Saudi Aramco, the national petroleum and natural gas company owned by the government of Saudi Arabia, remained the world’s most profitable company in 2018, posting a net income of $111 billion. It also remains one of the largest companies in the world by revenue.
But these claims, while impressive, might not be enough to justify Saudi Arabia’s announced intent to have Aramco hit a breathtaking record market capitalizaton of $2 trillion when Aramco IPOs this year, according to analysts. Aramco’s reliance on oil revenues and lack of diversification makes it highly susceptible to volatility.
Analysts note that Aramco’s cash flows are two to three times larger than either Royal Dutch Shell or ExxonMobil. But Aramco’s desire for a market cap six to seven times higher than these two oil majors is far too ambitious to many investors who have said Aramco could be worth more than $1 trillion but not $2 trillion.
ExxonMobil’s current market cap stands at $327 billion, while Shell is worth $285 billion.
Saudi Arabia wants to raise a record $100 billion in the IPO by selling a 5 percent stake in Aramco on local and foreign exchanges. Aramco’s earnings are vital to Saudi Arabian Crown Prince Mohammed bin Salman, who has made the Aramco IPO a cornerstone of Saudi economic reform to 2030.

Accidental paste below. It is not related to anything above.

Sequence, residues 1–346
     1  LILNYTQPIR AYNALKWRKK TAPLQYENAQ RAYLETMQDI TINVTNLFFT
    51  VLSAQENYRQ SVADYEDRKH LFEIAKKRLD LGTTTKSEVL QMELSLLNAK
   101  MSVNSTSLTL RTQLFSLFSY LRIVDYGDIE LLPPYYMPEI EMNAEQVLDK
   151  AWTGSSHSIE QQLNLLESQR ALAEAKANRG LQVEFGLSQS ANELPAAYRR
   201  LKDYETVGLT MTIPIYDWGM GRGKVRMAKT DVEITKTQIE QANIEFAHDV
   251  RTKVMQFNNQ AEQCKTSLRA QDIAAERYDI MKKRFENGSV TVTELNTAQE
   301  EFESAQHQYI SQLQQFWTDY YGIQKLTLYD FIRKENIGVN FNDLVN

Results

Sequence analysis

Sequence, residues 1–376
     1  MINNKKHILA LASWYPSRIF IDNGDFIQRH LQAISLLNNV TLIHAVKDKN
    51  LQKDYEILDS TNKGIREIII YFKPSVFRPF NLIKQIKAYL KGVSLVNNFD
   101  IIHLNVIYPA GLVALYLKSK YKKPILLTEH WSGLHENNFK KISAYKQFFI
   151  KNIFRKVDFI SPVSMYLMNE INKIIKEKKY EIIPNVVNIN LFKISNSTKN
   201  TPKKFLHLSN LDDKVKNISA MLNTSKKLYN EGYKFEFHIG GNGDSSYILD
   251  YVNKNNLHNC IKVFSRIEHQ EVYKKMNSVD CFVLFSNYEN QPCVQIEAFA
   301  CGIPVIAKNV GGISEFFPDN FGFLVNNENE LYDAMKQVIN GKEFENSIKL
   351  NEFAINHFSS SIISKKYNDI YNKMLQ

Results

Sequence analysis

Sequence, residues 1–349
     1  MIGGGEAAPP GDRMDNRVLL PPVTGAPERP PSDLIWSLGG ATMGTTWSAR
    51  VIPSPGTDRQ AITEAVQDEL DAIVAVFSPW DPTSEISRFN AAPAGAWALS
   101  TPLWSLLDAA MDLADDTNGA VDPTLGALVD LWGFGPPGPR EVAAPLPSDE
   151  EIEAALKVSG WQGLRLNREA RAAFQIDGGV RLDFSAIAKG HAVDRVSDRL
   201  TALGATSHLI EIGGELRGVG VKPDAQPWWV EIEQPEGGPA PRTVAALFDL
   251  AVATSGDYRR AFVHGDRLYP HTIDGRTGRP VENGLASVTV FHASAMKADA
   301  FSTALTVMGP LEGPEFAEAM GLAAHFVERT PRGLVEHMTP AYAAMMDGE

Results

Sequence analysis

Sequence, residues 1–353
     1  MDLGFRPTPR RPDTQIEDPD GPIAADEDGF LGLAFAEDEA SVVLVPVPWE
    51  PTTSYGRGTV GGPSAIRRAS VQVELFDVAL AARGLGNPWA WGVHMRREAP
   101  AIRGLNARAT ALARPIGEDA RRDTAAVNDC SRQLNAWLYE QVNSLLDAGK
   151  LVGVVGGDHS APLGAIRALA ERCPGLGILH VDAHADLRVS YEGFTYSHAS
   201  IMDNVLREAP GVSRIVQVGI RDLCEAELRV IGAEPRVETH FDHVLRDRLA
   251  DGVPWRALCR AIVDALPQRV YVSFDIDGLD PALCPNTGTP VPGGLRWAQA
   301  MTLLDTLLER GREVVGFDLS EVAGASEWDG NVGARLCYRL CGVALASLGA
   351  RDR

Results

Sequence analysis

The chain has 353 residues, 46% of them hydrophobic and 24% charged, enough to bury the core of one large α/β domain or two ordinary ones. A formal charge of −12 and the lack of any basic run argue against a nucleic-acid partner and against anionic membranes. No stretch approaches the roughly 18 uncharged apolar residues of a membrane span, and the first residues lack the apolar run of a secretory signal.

Saudi Arabia’s case for wanting a valuation for Aramco at $2 trillion -- the largest in history -- is being muddled by conflicting data about the state-owned oil giant’s actual financials.
Aramco’s huge earnings and cash flows might fail to justify its desired $2 trillion valuation, according to Bloomberg. Aramco rejected Bloomberg’s estimate that it recorded a net income of $33.8 billion in the first six months of 2017 with cash flows amounting to $52.1 billion.
Data prepared to the IFRS standard and citing Aramco accounts also show Aramco posting $7.2 billion in net income in the first of half of 2016, when crude averaged $41 a barrel, said Bloomberg. Aramco was having none of this, however.
“This is inaccurate, Saudi Aramco does not comment on speculation regarding its financial performance and fiscal regime,” the firm said in a statement.
And despite Aramco’s mammoth earnings, the company failed to receive the top credit rating from rating agencies like Moody’s, which issued an A1 rating for Aramco. Aramco’s heavy dependence on the Saudi Arabian economy is seen as a headwind for the company. In contrast, Chevron and ExxonMobil have Moody’s ratings of Aa2 and Aaa, which are higher than Aramco’s.
“Aramco is wholly-owned by the state and is expected to remain largely under government ownership even after any potential IPO in the future,” said Rehan Akbar, senior credit officer at Moody’s in a note to clients.
“While there is a clear track record of Aramco having been run as a commercially independent company, the government’s budget is highly reliant upon contributions from Aramco in the form of royalties, taxes and dividends.”